Festival Music

Schubertiade

St Cecilia’s Hall

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Svend McEwan-Brown

three stars

SCHUBERT’S Schubertiades (his friends’ evenings enjoying his music plus food, dinner and dancing) lasted all night and well into the early hours, so at 60 minutes, the EIF’s Schubertiade sounded like it might offer short measure. As it turned out an hour was plenty. It had everything in its favour with four wonderful musicians: Julian Pregardien, singing with great warmth and beauty, guitarist, Xavier Diaz Latorre offering quietly ravishing accompaniments, flautist Georges Barthel adding luminous highlights to the mostly middle-register textures, and the excellent Philippe Pierlot on baryton, familiar from previous appearances at EIF with his Ricercar Consort. No pianist. Deliberate, perhaps, but still odd.

Back in the 1820s, Schubert was chained to the keyboard all night at his parties. Couldn’t get a drink, he complained. Instead, Pierlot did what many musicians since Schubert have done – make arrangements to fit his ad hoc line-up. Nothing wrong with that: Schubert survived being repurposed as Broadway showtunes so he should have done well in these hands. Sadly, the results were patchy. Pierlot had some straight hits – Heidenroslein and Ständchen were exquisite. Most of the other numbers revealed that flute, guitar and baryton simply don’t blend that well. Of the three, only the baryton projects as powerfully as the singer and its strident tone pulls focus, even when it is not saying so much.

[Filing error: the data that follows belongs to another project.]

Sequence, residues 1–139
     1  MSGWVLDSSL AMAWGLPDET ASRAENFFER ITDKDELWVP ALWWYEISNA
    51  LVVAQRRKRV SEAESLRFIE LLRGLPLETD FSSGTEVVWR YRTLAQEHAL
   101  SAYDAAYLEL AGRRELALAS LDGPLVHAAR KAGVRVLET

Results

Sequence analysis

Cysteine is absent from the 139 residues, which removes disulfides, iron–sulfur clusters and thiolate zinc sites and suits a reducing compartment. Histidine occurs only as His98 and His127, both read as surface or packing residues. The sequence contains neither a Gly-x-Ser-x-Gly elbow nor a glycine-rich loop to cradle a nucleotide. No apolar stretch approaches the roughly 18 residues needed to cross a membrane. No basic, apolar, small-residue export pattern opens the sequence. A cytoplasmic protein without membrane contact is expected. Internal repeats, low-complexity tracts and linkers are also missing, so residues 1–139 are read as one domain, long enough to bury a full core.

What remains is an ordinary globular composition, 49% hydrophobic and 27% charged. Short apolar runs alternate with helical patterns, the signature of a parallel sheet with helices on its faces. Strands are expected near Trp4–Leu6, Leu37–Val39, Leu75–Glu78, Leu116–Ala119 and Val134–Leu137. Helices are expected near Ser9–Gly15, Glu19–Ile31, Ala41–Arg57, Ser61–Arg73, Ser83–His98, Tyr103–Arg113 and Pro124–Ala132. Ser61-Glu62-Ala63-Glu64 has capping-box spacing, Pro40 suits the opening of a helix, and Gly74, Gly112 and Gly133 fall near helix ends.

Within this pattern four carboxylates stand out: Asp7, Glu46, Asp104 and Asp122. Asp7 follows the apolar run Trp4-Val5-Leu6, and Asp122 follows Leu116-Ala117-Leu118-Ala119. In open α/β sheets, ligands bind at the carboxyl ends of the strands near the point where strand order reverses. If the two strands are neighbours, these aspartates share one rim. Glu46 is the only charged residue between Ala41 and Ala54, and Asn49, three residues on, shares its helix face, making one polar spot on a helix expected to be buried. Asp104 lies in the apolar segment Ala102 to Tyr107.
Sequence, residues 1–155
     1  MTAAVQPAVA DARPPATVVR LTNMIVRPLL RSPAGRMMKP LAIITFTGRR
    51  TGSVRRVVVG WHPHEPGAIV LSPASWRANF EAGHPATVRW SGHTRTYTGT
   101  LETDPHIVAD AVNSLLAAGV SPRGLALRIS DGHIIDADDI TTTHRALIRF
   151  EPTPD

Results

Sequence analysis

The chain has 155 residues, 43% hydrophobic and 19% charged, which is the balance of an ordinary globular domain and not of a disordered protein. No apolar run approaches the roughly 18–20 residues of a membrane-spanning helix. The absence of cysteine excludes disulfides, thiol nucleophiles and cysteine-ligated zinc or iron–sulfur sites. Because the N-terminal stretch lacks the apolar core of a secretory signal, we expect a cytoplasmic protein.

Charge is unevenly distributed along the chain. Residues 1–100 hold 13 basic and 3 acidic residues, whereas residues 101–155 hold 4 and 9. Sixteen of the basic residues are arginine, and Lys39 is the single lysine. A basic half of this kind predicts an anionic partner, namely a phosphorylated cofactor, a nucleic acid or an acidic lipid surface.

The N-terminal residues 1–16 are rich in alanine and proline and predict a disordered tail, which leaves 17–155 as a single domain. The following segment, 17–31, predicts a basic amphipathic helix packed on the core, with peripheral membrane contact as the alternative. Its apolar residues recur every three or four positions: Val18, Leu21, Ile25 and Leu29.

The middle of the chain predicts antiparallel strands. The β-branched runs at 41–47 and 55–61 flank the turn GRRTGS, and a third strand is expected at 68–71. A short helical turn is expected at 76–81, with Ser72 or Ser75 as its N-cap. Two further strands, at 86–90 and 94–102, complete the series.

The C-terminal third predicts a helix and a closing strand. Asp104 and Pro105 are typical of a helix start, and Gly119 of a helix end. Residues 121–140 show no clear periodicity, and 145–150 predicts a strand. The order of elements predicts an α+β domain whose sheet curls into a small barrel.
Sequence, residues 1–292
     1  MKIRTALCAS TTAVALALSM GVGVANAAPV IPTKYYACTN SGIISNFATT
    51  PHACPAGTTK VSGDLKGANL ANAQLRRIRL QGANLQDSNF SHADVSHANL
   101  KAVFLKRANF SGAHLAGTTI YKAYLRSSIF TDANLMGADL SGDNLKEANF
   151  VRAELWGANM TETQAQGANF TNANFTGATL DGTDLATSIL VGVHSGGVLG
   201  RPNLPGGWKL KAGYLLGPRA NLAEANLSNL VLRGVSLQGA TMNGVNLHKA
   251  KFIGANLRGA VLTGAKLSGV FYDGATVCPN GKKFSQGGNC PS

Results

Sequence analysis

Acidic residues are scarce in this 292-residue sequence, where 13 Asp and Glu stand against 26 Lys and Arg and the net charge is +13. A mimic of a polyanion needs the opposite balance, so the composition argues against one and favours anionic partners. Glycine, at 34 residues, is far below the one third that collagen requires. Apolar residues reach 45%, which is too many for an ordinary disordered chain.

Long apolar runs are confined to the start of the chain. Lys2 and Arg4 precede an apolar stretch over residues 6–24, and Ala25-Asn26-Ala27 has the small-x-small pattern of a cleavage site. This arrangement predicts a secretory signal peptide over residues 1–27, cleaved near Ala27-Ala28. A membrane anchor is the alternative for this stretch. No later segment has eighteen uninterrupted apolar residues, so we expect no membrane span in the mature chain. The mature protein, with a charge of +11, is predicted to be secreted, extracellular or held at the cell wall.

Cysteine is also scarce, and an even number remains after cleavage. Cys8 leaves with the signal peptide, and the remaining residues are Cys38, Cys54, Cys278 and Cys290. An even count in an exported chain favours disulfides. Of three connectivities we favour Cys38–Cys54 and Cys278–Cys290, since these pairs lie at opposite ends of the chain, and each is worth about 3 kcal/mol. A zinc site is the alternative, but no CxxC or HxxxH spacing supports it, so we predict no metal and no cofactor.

The killer problem for this hour, though, was its unvaried medium pace. Harry Haskell’s programme note held a beguiling description of the original Schubertiades as jolly festivities with music at their hearts. This was undoubtedly a project full of love for Schubert, but its pervasively sombre and introspective made it less a celebration than an earnest tribute.